People around the world are already embracing the medicinal benefits of cannabis, instead of over-the-counter or prescription medication, using the plant to treat symptoms for an abundance of ailments, even if they are shopping at the “recreational” counter. With that in mind, and the little-to-no research already present on the topic, researchers at the North American Menopause Society (NAMS) looked into cannabis as an effective treatment for menopause-related symptoms.
“Midlife women within the menopause transition period of their life are using cannabis, and they’re using it for symptoms that tend to overlap with menopause,” said lead researcher Katherine Babyn, a graduate student at the University of Alberta in Canada.
Dr. Stephanie Faubion, medical director of NAMS, said that the lack of existing research acts as a drawback to this use, so it’s harder to pin down the potential benefits or risks. Even though it’s clear people are already using cannabis to ease menopause symptoms, “That’s the danger here,” Faubion said, “is we’re using a drug that has not been studied.”
For the study, Babyn and her colleagues surveyed nearly 1,500 middle-aged women in Alberta, Canada. It was presented Wednesday at the annual meeting of the North American Menopause Society in Washington D.C.
Two-thirds of the women said they had used cannabis at one point in time, and one-third said they had used it in the past month. Of the current users, 75 percent said they used cannabis for medicinal purposes, even though only 23 percent had a medical prescription.
The study also looked at the consumption method of cannabis for current users, finding the majority used edibles (52 percent), followed by oils (47 percent), smoking (41 percent) and vaping (26 percent).
Those surveyed also seemed to have an understanding of the benefits of different cannabinoids, specifically how the non-psychoactive CBD can provide additional, medicinal benefits encouraging better sleep, pain management, lowering inflammation, and more. Most of the respondents, at 58 percent, reported using a blend of CBD and THC, while 36 percent used high-THC products and 35 percent embraced high-CBD products.
The study also looked at the specific menopause symptoms participants were aiming to treat with cannabis: trouble sleeping (74 percent), anxiety (59 percent), difficulty concentrating (58 percent), irritability (55 percent) and muscle and joint aches (53 percent) ranked highest.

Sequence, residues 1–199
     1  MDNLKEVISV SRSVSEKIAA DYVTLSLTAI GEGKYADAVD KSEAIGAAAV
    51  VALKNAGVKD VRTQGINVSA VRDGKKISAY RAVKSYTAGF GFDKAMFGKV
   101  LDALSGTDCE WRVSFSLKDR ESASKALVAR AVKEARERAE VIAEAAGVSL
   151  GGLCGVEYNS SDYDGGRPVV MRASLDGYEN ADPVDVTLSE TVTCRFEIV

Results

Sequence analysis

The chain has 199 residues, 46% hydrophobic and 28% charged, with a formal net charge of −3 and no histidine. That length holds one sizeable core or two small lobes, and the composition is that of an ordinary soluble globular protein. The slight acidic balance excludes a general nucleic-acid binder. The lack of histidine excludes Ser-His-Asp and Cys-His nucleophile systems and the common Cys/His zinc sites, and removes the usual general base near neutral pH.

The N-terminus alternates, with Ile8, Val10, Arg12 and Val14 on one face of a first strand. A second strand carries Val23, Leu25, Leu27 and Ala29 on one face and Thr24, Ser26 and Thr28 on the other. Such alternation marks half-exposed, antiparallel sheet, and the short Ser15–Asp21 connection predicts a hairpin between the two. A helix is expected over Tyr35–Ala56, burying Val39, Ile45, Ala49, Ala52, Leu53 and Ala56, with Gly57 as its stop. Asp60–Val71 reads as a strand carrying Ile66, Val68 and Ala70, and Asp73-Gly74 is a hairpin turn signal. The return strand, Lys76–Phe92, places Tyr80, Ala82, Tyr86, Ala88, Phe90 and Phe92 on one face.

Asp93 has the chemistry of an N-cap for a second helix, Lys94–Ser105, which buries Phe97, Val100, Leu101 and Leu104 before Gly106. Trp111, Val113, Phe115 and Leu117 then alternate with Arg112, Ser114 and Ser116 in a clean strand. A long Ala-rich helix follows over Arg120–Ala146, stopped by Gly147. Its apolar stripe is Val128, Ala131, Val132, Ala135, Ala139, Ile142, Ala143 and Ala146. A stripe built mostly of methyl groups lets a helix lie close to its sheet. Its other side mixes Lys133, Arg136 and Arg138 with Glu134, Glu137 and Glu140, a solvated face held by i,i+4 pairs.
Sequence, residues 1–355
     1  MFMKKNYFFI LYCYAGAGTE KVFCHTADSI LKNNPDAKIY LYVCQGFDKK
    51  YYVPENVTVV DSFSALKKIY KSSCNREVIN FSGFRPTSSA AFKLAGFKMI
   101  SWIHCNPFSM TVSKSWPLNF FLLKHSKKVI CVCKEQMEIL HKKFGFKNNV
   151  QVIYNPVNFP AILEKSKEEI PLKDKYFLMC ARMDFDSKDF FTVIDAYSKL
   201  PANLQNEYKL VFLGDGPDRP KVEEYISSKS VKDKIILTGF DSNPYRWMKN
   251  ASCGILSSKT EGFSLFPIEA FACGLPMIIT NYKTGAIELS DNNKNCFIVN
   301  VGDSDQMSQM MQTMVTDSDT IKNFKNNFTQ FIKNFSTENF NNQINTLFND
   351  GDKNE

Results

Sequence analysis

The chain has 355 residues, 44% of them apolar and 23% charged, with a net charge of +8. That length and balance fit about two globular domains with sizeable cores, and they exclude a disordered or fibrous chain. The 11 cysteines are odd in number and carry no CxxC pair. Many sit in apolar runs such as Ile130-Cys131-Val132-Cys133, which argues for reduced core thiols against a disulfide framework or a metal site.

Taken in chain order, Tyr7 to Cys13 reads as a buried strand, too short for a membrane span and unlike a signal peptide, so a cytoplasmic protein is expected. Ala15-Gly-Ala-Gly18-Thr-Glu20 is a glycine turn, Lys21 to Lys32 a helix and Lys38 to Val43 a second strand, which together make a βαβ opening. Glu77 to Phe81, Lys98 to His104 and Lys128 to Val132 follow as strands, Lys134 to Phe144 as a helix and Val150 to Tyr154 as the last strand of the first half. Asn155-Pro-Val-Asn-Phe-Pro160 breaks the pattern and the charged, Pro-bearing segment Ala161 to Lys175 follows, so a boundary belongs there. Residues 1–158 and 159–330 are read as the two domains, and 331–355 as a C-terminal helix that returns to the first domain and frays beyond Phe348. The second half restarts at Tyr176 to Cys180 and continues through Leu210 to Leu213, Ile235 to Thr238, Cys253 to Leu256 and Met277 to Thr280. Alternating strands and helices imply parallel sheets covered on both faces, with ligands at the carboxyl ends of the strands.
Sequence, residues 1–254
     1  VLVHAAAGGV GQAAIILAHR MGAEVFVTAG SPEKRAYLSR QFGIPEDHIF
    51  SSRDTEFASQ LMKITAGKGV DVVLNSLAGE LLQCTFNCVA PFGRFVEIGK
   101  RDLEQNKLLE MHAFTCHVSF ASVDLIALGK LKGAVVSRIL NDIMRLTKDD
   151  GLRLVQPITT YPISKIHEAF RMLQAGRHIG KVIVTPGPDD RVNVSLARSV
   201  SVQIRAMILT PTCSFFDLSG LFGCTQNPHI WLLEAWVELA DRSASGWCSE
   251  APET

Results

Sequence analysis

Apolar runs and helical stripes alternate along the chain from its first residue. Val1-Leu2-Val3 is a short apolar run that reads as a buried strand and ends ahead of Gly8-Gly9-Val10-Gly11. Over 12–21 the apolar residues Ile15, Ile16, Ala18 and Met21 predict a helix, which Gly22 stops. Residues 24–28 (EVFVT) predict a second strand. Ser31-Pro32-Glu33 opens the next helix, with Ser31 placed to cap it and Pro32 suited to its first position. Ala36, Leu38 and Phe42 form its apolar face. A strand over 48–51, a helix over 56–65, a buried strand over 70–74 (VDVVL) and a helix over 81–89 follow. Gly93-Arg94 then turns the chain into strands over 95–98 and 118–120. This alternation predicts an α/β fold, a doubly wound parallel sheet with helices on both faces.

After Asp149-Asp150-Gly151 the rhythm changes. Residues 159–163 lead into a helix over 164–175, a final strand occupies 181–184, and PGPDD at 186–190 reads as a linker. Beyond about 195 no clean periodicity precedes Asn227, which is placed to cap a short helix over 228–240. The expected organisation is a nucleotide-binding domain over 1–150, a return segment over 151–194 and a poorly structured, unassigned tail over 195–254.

The research noted that women who used cannabis reported more menopause symptoms than those who didn’t use cannabis, though Babyn said, “We can’t establish which way that relationship goes.”
Faubion elaborates on the finding that women using cannabis have worse symptoms, and why it’s challenging to draw conclusions from the observation, “Is it that they have worse symptoms that’s driving them to cannabis, or is the cannabis making their symptoms worse?” she posed. “We can’t really make conclusions based on this article.”
It’s worth noting that up to 74 percent of the women reported improvement in their symptoms after using cannabis, according to senior researcher Nese Yuksel, a professor of pharmaceutical sciences at the University of Alberta. However, the question was general, in relation to all symptoms, so Yuksel said, “We can’t make any real association with it. What we feel is that women feel they’re getting some benefit, but we can’t say that conclusively.”
The researchers agreed that there is a need for further research to investigate the efficacy and safety of cannabis for managing menopause symptoms, and until research unearths more concrete findings, people looking to treat menopause with cannabis are better off relying on tried-and-true menopause treatments.
“We have safe and effective therapies for menopause symptoms,” Faubion said. “I would not be directing them to something that hasn’t been studied.”
Yuksel elaborated that doctors should reach out to patients to assess their symptoms and plan effective treatments accordingly, calling it a “wake-up call” for doctors to start these discussions with their patients.
“A lot of women do kind of fall through the cracks as far as even getting their symptoms assessed and knowing what different approaches there are for treatment,” Yuksel said.